“This business would be a fairy-tale story if I said that I grew up on a Nicaraguan coffee farm and I always had this deep passion for it, but it just wouldn’t be true. We just don’t have that dream story, where I was a surfer and discovered a delicious new fruit that I could bottle. I kind of wish that was my lifestyle, but at the same time, it has been a really fantastic journey. It might not be as romantic, but certainly the integrity is there, you know?” Ben Heins, cofounder of Bean & Body, told me over the phone as he drove to Wisconsin.
“When I met Erik Lucas, we had both just been through all four years of college, and he was just one of those guys you meet through other people in your life, and you want to hang out. We had taken a class together. Usually when I had presented an idea in the past, it was to my dad, and the questions after I pitched always resulted in from him, ‘Well, where’s the business plan in this?’”
“But when I decided to finally pitch this business idea about an energy drink to Erik, which was essentially the beginning of Bean & Body, I told him I had this idea and that we should do something together. The next day, Erik came back after spending like $500 on weird powders getting FedExed overnight in his shabby college dorm room. I was just flabbergasted. Erik just jumped in with both feet, and he turned out to be a really special and important person in my life,” says Heins.
They found someone to sponsor Bean & Body, but the potential sponsor pulled out. Heins recounts that they told him, “No, we got bought out by Rockstar, they’re going to do a similar product, just so you know. So we won’t be able to produce your product. You’re going to have to find somebody else.”
Heins and Lucas started to explore the health, social and economic ramifications of coffee and took a new tack. “Health-conscious coffee. A better option for the average coffee drinker. Lower calories. Higher antioxidants,” says Heins.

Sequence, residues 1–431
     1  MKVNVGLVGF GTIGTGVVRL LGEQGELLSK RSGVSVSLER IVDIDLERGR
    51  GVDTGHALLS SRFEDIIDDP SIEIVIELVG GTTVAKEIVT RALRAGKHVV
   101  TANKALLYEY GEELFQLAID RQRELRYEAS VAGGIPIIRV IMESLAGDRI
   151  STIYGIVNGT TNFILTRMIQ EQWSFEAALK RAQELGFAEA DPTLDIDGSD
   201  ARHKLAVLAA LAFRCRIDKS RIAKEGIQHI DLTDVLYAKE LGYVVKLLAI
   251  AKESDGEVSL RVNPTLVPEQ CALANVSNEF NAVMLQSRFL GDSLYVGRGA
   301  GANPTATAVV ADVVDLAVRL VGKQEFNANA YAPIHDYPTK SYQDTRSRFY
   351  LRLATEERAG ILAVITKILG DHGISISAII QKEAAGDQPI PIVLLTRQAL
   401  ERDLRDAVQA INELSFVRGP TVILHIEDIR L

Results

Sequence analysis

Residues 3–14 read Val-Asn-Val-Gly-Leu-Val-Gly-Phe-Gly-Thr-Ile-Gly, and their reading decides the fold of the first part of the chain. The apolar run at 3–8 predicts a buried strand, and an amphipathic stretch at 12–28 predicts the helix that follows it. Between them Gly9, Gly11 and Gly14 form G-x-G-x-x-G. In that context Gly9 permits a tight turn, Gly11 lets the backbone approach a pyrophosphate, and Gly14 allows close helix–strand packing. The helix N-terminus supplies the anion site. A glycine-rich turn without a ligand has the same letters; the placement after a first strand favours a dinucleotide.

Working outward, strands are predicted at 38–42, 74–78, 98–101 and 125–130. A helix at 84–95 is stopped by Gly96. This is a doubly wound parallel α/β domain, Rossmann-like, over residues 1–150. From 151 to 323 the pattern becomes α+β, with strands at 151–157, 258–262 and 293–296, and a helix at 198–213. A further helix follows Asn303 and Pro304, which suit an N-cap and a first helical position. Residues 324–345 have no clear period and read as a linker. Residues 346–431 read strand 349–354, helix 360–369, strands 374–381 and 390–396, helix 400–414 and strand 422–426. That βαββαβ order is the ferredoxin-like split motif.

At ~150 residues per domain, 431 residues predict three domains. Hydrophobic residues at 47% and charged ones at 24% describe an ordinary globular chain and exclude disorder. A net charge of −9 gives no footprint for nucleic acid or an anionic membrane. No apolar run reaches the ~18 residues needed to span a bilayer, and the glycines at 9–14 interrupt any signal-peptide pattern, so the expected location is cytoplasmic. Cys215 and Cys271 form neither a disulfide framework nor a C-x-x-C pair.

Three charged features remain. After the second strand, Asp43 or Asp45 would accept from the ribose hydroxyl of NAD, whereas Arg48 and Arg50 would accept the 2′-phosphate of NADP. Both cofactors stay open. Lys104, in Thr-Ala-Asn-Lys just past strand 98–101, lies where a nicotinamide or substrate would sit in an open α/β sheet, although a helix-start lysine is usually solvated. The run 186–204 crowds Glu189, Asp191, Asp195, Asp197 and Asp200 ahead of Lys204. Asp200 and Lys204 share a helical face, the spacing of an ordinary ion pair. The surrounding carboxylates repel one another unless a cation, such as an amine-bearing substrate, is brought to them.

They developed a line of coffee products, each sold in an eight-ounce can. The line includes an antioxidant coffee, with pomegranate, acai berries, and blueberries, an energy coffee with extra caffeine from yerba mate, and a coffee “marTEAni,” with green tea and spices. The beverages are currently distributed at the likes of Whole Foods, Jewel-Osco, and Fox & Obel.
Heins says Bean & Body wants to make their coffee ethically, and uses shaded coffee beans to create their product. Today, most coffee growers mow down rainforests and use herbicides, pesticides and fertilizers to grow their beans. However, eight percent of coffee is shade-grown, under the canopy of a rainforest, a more sustainable way of growing coffee that preserves the natural ecosystem.
“If the average person switched their entire coffee consumption for a year—three cups a day—to shade-grown coffee, that’s 2,500 square feet of rainforest per person that would be saved,” Ben says. “Everybody in coffee knows there is a way to do it the right way and a way to do it the wrong way.” (Desiree Cole)